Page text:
More cities explore Community Choice Energy

Following the lead of San Luis Obispo and Morro Bay, more SLO County cities are now in talks with Monterey Bay Community Power (MBCP) about becoming partner agencies—as the budding public electricity provider looks to expand south.

J.R. Killigrew, director of communications for MBCP, gave presentations to the Paso Robles City Council on April 2 and the Arroyo Grande City Council on April 9 about the process and benefits of joining the community choice energy (CCE) agency, which currently services Monterey, Santa Cruz, and San Benito counties.

MBCP will start serving the cities of SLO and Morro Bay in 2020—their city councils voted in late 2018 to join after dropping efforts to start a SLO-based program—growing its customer base to about 307,000 residents and businesses.

“Since the cities of SLO and Morro Bay joined, it gave us a chance to think about the bigger picture,” Killigrew told New Times. “If we’re already serving two of the communities in SLO County, we’re starting to see a unified Central Coast program.”

With 19 programs in existence statewide, CCEs purchase their own energy and sell it to customers via PG&E’s existing infrastructure. The agencies are governed by local elected officials, through boards of directors.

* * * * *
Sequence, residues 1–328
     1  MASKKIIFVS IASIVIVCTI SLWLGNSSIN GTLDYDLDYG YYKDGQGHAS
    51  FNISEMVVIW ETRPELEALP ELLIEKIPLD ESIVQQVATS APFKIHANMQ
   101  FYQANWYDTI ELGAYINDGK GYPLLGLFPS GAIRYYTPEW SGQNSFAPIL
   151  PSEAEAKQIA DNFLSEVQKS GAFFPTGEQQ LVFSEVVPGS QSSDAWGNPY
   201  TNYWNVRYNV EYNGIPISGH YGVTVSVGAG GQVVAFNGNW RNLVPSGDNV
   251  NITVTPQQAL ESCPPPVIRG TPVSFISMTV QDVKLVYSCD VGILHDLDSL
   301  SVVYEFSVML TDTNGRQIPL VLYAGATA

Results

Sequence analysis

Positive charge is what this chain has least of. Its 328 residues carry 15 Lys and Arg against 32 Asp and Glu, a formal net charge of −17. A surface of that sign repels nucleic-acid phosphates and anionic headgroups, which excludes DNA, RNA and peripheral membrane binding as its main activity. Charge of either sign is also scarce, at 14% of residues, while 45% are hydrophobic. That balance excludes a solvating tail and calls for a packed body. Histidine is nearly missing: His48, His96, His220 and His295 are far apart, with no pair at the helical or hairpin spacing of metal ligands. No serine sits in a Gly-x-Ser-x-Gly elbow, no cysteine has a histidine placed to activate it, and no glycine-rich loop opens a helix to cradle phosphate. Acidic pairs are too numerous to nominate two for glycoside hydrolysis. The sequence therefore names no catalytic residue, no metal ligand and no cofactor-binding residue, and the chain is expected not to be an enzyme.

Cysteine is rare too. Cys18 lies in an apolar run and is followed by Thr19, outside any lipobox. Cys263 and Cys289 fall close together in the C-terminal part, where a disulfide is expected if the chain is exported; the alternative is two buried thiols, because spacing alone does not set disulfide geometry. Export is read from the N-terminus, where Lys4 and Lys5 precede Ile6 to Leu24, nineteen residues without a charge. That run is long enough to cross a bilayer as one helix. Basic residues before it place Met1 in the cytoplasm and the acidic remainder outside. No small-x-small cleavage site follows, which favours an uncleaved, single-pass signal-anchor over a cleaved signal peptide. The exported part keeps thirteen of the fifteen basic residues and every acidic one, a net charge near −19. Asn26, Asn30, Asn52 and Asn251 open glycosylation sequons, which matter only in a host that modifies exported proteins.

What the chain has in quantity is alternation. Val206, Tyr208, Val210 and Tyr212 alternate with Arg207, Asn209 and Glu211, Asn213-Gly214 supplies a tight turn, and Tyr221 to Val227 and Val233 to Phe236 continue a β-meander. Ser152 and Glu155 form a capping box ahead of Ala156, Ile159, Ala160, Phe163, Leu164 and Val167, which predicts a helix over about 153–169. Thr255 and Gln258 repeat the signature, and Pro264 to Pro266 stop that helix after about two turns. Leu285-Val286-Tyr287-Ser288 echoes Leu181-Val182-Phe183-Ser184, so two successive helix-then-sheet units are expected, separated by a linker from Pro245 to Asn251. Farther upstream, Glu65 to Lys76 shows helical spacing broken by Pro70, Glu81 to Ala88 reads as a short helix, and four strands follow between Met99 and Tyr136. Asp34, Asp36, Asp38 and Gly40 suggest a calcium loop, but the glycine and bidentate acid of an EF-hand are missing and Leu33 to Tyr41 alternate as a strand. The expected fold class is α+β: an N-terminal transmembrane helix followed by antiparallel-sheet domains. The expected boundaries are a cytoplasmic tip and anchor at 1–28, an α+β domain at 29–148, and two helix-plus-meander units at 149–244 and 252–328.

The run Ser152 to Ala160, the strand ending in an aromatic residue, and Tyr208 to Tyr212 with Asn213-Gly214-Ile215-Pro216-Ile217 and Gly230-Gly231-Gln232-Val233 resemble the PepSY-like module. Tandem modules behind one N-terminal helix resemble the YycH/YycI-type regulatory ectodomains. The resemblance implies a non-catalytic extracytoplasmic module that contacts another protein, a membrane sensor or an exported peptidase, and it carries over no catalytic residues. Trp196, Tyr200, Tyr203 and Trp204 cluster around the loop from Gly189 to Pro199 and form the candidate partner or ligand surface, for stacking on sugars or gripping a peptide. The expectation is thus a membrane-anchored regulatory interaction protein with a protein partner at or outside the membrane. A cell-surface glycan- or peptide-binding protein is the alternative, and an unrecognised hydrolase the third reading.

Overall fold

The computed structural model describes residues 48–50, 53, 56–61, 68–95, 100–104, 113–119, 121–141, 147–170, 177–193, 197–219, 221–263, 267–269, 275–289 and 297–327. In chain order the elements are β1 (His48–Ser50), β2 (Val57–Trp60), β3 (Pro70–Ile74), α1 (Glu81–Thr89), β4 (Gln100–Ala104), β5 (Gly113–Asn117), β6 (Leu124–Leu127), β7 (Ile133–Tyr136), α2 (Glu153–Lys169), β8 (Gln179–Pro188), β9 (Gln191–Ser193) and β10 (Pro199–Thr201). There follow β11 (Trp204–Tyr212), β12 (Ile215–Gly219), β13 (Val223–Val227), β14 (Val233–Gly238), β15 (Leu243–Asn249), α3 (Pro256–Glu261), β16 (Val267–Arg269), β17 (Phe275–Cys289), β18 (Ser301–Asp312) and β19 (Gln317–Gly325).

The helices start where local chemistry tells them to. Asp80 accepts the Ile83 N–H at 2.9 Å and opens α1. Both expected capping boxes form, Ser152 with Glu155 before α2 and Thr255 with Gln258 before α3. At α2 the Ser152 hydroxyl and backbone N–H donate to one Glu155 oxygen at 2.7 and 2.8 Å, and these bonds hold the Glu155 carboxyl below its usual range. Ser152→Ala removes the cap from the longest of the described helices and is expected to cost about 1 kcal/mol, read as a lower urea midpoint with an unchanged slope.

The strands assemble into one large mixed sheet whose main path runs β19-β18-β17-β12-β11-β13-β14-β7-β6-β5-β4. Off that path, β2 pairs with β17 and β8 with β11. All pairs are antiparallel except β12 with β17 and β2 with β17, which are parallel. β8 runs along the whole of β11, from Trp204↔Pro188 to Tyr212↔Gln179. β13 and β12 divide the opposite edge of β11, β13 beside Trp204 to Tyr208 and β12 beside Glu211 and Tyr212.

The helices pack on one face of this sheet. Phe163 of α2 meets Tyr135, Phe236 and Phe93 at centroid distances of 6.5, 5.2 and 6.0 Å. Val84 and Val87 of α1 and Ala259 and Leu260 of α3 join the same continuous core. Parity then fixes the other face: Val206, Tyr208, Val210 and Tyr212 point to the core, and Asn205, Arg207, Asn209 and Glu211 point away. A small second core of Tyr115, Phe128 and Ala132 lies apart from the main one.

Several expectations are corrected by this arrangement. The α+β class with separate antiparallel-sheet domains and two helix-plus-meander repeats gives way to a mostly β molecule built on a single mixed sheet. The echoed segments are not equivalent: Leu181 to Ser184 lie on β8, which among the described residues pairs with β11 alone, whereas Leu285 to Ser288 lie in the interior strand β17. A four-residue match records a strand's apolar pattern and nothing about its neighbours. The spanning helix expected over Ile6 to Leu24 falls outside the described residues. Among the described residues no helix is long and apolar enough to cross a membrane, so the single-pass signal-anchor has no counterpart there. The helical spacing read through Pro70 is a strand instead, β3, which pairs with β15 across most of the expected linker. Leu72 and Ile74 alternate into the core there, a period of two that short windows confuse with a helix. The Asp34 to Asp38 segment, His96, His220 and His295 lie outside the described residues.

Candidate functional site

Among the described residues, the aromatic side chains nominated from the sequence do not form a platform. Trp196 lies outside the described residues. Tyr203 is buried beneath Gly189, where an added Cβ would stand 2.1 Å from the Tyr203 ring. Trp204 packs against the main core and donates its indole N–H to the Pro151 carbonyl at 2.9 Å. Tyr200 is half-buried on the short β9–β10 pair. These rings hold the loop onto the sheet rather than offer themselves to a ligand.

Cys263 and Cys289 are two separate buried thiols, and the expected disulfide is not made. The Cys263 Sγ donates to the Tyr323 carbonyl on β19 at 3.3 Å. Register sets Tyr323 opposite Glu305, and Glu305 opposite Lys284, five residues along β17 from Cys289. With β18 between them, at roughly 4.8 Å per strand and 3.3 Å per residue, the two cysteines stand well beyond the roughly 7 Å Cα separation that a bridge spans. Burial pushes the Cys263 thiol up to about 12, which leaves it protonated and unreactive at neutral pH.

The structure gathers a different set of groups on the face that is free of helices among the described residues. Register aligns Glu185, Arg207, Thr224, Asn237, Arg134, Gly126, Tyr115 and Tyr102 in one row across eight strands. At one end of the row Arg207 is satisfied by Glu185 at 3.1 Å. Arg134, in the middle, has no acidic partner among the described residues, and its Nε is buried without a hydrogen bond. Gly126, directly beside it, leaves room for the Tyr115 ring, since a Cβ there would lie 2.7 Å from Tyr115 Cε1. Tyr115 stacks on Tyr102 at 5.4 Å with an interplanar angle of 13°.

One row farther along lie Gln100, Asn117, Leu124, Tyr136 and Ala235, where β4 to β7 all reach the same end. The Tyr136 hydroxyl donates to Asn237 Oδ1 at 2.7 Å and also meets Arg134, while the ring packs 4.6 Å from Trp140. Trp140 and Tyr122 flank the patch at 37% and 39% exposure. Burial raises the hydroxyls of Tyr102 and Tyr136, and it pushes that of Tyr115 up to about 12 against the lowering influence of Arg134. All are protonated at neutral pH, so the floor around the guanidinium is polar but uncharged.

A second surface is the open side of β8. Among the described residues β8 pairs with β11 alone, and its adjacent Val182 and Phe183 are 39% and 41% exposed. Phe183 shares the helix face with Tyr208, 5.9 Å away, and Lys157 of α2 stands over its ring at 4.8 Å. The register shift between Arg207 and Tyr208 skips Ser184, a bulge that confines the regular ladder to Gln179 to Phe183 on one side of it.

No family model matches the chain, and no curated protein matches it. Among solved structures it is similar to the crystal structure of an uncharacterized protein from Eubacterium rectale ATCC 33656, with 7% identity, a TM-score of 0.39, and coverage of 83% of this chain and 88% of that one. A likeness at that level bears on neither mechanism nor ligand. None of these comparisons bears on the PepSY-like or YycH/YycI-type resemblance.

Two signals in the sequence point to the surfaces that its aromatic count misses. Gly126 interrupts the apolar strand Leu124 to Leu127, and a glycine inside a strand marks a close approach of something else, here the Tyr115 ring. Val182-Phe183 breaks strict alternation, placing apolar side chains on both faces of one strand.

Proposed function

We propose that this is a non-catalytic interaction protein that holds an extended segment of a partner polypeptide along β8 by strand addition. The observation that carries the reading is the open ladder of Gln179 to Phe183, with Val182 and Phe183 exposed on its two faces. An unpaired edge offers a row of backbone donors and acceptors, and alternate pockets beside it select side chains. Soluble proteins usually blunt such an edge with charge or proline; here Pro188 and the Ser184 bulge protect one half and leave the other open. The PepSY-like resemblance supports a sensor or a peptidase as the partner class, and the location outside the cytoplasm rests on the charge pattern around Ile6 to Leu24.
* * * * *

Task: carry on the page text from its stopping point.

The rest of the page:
Killigrew said since its launch in 2018, MBCP has been able to beat PG&E’s rates with a carbon-free energy portfolio—providing 3 percent rebates to customers.

Surplus revenues are reinvested locally in energy programs like home solar projects and electric vehicle infrastructure, he said.

Killigrew added that future projections indicate CCEs will provide 85 percent of the electricity load in California by 2025. He described it as a new energy paradigm, where CCEs manage power procurement while PG&E provides and maintains infrastructure.

According to MBCP’s presentations to the local cities, SLO County customers could save an estimated $4 million per year in electricity costs if all residents and businesses joined. Paso Robles customers would save about $500,000; Arroyo Grande’s about $165,000.

Arroyo Grande City Manager Jim Bergman told New Times that City Council members were receptive and supportive of the concept on April 9, but they wanted to schedule a future meeting for the public to ask more questions.

“One [council member] said, ‘I’m going to ask you some pointed questions because this just sounds too good to be true,'” Bergman said with a laugh.

Paso Robles Public Works Director Dick McKinley said the Paso City Council would likely vote in May on a first reading of an ordinance to finalize its decision.

“The council was very supportive,” McKinley said.

MBCP has similar presentations scheduled for Grover Beach and Pismo Beach City Council meetings. The CCE is also in talks with Atascadero, Santa Maria, and SLO County. Δ


More cities explore Community Choice Energy, by Peter Johnson, New Times SLO, April 11, 2019.

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